Closed Borders

The Contemporary Assault on Freedom of Movement

Alan Dowty

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"Alan Dowty has put all of us in his debt. He has fully and authoritatively revealed just where, how, and why the freedom of movement of tortured human beings is obscured or forbidden throughout the world. His book could not be more timely. It is an achievement of the first importance."—Theodore Draper
 
 
 
 

 

 
 



 

 
 
  

 

 

"A scholarly, historical and contemporary survey of the way in which governments trample the decisions of individual people about where they want to live. It is an eloquent plea for respecting these decisions."—David Matas, Toronto Globe and Mail

"The discussion of refugee, expatriation and immigration problems, and the broader political difficulties that generate them, will be greatly helped by [this] conscientious, balanced and readable assemblage of the known facts."—Rogers M. Smith, Times Literary Supplement

"Closed Borders forces us to wonder why scholars have long neglected the comparative treatment of large movements of peoples."—Adam Garfinkle, Orbis

"The book may be utopian in its hope that the world's governments will ever yield on a matter deemed a question of sovereignty, but in its consistent devotion to principle it may well hold a key to practical betterment of the situation."—Lucy Edwards Despard, Foreign Affairs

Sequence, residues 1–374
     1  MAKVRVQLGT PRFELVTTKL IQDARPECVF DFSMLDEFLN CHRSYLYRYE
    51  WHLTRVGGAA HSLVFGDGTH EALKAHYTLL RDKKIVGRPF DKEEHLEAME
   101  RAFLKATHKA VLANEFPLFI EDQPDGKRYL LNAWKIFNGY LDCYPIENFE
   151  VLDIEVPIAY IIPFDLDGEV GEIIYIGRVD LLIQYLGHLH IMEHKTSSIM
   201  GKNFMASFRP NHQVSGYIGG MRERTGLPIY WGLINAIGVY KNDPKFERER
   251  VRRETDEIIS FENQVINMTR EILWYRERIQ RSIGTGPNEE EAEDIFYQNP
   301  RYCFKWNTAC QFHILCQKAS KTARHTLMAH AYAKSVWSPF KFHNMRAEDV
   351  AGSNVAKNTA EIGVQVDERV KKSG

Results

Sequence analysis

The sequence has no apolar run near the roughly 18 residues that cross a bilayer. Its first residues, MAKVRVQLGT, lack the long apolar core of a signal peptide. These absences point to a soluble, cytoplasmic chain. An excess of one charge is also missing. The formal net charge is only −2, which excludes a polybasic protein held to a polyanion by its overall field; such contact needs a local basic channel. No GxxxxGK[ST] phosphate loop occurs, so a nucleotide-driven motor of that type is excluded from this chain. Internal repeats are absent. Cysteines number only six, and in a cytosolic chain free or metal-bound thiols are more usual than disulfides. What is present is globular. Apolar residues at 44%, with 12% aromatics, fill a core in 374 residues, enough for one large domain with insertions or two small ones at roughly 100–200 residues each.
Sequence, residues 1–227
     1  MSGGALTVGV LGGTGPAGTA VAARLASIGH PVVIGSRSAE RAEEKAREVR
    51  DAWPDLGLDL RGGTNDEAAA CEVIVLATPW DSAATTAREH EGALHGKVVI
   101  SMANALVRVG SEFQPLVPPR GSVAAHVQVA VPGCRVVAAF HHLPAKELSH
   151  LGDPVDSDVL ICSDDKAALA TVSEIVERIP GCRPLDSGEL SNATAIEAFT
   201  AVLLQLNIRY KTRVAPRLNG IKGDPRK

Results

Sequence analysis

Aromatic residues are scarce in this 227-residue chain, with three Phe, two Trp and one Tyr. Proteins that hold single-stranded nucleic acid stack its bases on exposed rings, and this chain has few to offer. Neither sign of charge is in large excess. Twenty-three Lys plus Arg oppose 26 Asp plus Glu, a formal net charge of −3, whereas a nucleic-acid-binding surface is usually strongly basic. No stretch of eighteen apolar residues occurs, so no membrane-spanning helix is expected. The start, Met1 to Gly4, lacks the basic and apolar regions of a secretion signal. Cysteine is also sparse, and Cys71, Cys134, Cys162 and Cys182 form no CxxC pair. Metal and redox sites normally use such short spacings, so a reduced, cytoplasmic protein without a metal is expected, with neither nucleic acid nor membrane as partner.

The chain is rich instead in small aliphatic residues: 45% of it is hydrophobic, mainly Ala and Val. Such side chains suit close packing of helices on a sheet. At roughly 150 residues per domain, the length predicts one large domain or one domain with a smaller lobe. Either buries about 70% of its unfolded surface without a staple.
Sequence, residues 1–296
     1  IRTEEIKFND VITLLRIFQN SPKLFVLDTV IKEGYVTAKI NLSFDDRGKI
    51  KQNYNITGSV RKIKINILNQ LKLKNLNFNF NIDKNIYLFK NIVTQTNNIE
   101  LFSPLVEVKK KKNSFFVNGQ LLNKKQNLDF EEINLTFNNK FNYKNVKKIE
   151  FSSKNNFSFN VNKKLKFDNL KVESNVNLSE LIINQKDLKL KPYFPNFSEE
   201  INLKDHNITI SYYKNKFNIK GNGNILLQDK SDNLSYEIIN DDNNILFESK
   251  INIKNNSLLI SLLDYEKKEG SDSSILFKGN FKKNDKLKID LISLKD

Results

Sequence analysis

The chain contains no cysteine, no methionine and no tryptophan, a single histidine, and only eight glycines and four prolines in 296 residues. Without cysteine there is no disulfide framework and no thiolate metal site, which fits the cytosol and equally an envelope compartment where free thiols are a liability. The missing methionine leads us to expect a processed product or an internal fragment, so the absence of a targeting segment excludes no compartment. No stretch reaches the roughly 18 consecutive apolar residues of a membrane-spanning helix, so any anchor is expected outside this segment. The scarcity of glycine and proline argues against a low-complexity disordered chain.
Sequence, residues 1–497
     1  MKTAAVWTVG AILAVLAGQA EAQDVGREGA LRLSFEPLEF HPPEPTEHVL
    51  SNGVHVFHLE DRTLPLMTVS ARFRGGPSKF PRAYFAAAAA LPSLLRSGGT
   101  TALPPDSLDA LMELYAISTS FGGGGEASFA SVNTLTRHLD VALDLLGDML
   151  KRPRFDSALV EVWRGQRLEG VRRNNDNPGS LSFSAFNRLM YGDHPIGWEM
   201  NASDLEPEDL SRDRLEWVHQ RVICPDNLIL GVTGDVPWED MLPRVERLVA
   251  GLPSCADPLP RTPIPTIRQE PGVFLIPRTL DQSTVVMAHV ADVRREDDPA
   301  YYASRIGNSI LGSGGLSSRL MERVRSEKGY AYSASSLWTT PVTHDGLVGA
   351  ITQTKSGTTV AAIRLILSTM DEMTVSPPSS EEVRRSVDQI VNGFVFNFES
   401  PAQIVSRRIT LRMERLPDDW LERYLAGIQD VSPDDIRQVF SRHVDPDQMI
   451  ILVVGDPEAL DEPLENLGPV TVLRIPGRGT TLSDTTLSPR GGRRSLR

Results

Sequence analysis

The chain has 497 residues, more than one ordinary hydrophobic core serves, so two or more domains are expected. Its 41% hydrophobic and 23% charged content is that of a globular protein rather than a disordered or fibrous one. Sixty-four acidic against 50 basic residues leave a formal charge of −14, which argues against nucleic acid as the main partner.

"Dowty has a deep and passionate concern for the freedom of movement of the individual, particularly freedom to move from one's own country to another. . . . A fascinating historical review."—R. Mansell Prothero, Third World Quarterly

"Stimulating and thought provoking."—Thomas D. Hall, Social Science Quarterly


"A powerful, beautifully written book that makes a sobering case against the force of progress in history."—Choice
 

"What seems clear is that freedom of movement will become firmly established in the pantheon of precious human rights only when we are able to reconcile the receiving states' genuine national interests. Unfortunately, as this valuable book grimly documents, we seem to be moving away from, rather than toward, that noble goal."—Peter H. Schuck, American Journal of International Law

"The basic point of Closed Borders is unassailable: human rights considerations should weigh heavily in a nation's assessments of its own political self-interests. The right of personal self-determination is enshrined and its promotion makes good sense as well as a matter of policy."—Arthur C. Helton, Connecticut Journal of International Law

"A gracefully written and well-researched work."—Ethics

"A well-documented, well-written, scholarly book. A welcome addition to human-rights literature."—Norman L. Zucker, Annals of the American Academy of Political and Social Science

"A powerful, beautifully written book. . . . The most comprehensive work in its field; highly recommended for all collections."—Choice

"A well-documented polemic on the virtues of relatively unrestricted immigration and emigration policy. . . . The most thorough and eloquent discussion of the issue yet available. It will be an important reference for anyone interested in immigration policy, international law, or human rights."—Steven W. Hays, Perspective
ISBN: 9780300044980
Publication Date: September 10, 1989
Publishing Partner: A Twentieth Century Fund Report
270 pages, 5 1/2 x 8 1/4